GENE SIMMONS FAMILY JEWELS SHINES
March 20, 2010
'Gene Simmons Family Jewels' shines as it nears a reality milestone

By Michael Starr

It's unrealistic -- if not downright impossible -- to watch everything that premieres on TV.

So I've only seen bits and pieces of "Gene Simmons Family Jewels" over the years and didn't have any preconceived opinions of the A&E series -- which premiered in 2006 and celebrates its 100th episode this season as TV's longest-running family reality show (overtaking MTV's "The Osbournes" for that niche honor).

What I did see, in watching tomorrow night's fifth-season premiere, is a show meshing the requisite reality elements -- including facing-the-camera "confessionals," underscored here with weirdly "Leave It to Beaver"-type music -- with some genuine emotion.
It's obvious that KISS frontman Gene Simmons, despite all his public bravado and bluster (overbearing at times), loves his longtime partner, former Playboy centerfold/actress Shannon Tweed, and their kids -- Nick, 21 and Sophie, 17. And it's obvious those feelings are mutual.

I think that explains some of this show's appeal, and why it's had such a long shelf life ("Family Jewels" has averaged roughly 2 million viewers each season).

Since I'm not a regular viewer, perhaps I was influenced by what transpires in tomorrow's season opener, as Shannnon discovers a lump in her breast (while out shopping for clothes in LA with her sister, Tracy Tweed) and undergoes a biopsy -- keeping all but the most basic information from Gene, who's just embarked on yet another long KISS tour.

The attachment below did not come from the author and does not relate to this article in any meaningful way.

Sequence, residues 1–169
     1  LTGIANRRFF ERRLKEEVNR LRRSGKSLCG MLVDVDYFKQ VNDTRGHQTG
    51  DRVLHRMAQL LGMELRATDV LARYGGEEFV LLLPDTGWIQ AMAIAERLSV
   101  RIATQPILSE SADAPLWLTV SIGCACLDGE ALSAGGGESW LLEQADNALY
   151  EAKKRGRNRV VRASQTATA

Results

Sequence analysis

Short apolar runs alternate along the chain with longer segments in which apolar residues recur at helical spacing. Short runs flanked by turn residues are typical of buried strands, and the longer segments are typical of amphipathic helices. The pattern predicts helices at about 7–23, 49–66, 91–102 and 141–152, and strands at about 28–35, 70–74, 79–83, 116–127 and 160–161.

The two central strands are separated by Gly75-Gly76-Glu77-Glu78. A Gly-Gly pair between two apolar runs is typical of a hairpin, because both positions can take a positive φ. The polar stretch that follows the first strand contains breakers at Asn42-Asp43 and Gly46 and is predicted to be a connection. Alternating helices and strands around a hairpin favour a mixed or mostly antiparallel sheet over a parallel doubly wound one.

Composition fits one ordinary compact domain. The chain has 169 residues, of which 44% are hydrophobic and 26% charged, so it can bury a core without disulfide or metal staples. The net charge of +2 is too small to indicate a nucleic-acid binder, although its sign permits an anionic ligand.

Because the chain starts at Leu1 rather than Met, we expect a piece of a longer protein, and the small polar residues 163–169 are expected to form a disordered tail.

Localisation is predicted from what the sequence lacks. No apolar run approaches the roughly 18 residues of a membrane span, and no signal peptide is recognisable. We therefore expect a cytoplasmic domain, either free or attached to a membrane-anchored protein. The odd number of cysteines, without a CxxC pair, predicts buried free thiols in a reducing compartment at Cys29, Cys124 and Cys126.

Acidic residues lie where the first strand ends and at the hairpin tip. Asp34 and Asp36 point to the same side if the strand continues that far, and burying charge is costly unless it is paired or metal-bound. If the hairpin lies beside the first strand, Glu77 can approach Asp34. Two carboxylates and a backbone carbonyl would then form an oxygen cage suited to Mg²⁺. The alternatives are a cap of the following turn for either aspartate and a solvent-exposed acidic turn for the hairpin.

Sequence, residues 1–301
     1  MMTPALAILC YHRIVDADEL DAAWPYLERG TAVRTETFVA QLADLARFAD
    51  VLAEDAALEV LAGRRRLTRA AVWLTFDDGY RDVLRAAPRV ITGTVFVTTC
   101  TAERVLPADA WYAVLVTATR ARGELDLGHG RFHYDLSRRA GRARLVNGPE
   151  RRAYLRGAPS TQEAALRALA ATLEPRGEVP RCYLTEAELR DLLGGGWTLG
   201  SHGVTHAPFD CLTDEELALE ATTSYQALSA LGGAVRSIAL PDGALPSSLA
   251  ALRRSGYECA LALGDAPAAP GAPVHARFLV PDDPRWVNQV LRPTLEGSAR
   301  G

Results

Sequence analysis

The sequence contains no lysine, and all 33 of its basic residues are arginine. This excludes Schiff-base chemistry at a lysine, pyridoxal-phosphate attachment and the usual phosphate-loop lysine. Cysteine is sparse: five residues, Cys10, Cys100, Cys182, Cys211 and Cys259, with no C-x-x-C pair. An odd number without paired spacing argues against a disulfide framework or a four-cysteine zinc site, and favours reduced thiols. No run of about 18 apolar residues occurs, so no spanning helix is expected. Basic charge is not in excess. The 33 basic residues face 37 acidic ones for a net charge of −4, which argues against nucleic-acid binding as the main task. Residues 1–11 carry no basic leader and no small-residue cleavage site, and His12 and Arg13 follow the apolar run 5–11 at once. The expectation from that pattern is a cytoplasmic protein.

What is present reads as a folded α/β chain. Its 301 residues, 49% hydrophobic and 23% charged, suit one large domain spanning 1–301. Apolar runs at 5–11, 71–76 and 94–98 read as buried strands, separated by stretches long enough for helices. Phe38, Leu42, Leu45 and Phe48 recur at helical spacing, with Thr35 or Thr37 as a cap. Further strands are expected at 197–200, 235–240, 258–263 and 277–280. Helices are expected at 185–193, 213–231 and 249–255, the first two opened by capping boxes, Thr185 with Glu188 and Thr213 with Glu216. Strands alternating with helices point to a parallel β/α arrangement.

There is absolutely nothing contrived as cameras record Shannon's journey when she's given the news about the lump, has the biopsy (on camera), then nervously awaits the results -- preferring to keep her emotions to herself rather than "burden" her family.

I'm not sold on the idea of having had cameras there to record Shannon's biopsy, not because it's graphic (it isn't), but because you'd think such a private moment should remain, well, private.

But in this information overload age of Twitter and Facebook, it's not all-that-surprising this was included in the show -- and kudos to Shannon for being honest enough with herself, and with the show's viewers, to share her experience in this fashion. And she and Gene have since become advocates in the fight against breast cancer -- so no argument from me.

Check it out.